New Rochelle, NY, February 1, 2017--Researchers reported changes in the expression levels of 123 genes when reconstituted lung tissue was exposed to cigarette smoke, compared to only two genes that could be confirmed following exposure to e-cigarette aerosols. They also reported increased levels of several cytokines, which are biomarkers of inflammation, in the lung tissue model exposed to conventional cigarette smoke, as described in the study published in Applied In Vitro Toxicology, a peer-reviewed publication from Mary Ann Liebert, Inc., publishers. The article is part of a special issue on Next Generation Nicotine Products and is available to media contacts upon request.
Anisha Banerjee and coauthors from British American Tobacco R&D Centre (Southampton, U.K.) used a commercially available 3D airway culture system comprised of reconstituted human epithelium, which mimics the structure and functions of human lung tissue. The researchers demonstrate how this model system, together with a protocol designed to deliver matched, repeated exposures to smoke or aerosol over a short period, can be applied in the laboratory to assess potential toxicity.
In the article entitled "Differential Gene Expression Using RNA-seq Profiling in a Reconstituted Airway Epithelium Exposed to Conventional Cigarette Smoke or Electronic Cigarette Aerosols," they describe the molecular techniques used to measure gene expression and inflammatory biomarker levels.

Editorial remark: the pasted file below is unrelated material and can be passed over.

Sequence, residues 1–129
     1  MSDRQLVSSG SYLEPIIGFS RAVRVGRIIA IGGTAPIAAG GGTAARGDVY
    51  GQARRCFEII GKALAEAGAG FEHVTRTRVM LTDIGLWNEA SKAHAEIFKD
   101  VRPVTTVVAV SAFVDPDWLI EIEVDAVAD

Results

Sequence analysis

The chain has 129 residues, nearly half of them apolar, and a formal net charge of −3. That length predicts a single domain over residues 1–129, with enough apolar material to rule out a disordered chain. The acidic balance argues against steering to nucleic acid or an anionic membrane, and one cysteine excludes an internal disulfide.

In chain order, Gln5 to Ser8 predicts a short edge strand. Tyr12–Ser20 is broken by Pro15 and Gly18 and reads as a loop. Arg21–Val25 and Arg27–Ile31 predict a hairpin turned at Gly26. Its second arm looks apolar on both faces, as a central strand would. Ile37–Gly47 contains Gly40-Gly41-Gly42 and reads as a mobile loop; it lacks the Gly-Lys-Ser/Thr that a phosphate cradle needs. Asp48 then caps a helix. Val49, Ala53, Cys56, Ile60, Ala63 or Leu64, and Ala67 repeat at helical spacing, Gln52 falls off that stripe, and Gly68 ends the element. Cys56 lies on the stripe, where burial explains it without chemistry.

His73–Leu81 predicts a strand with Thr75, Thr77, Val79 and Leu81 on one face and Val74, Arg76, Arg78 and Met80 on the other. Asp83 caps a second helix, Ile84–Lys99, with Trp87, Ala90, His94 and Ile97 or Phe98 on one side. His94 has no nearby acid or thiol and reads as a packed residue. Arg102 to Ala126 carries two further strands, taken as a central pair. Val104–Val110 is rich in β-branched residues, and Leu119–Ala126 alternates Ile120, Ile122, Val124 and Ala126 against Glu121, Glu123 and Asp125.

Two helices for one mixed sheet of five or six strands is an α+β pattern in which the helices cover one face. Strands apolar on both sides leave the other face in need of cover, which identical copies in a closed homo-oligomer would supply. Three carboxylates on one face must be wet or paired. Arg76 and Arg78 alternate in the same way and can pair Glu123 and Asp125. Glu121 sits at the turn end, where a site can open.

"Next generation sequencing is revolutionizing and expanding the frontiers of genomic research to unravel the genetic information from any biological system," explains Dr. Banerjee.
"The utilization of new human 3D lung models in combination with the latest gene expression technologies to evaluate the effects of conventional cigarette smoke versus electronic cigarette aerosols demonstrates how in vitro models can be used to understand biological effects," says Jim McKim, PhD, Editor-in-Chief of Applied In Vitro Toxicology and Founder and CEO, IonTox, LLC.
About the Journal
Applied In Vitro Toxicology provides the latest peer-reviewed research on the application of alternative in vitro testing methods for predicting adverse effects in the pharmaceutical, chemical, and personal care industries. Led by Editor-in-Chief James M. McKim, PhD, DABT, Founder and CEO, IonTox, LLC, the Journal addresses important issues facing these diverse industries, including regulatory requirements; the reduction, refinement, and replacement of animal testing; new screening methods; evaluation of new cell and tissue models; and the most appropriate methods for assessing safety and satisfying regulatory demands. The Journal is published quarterly online with Open Access options and in print. Complete tables of content and a sample issue may be viewed on the Applied In Vitro Toxicology website.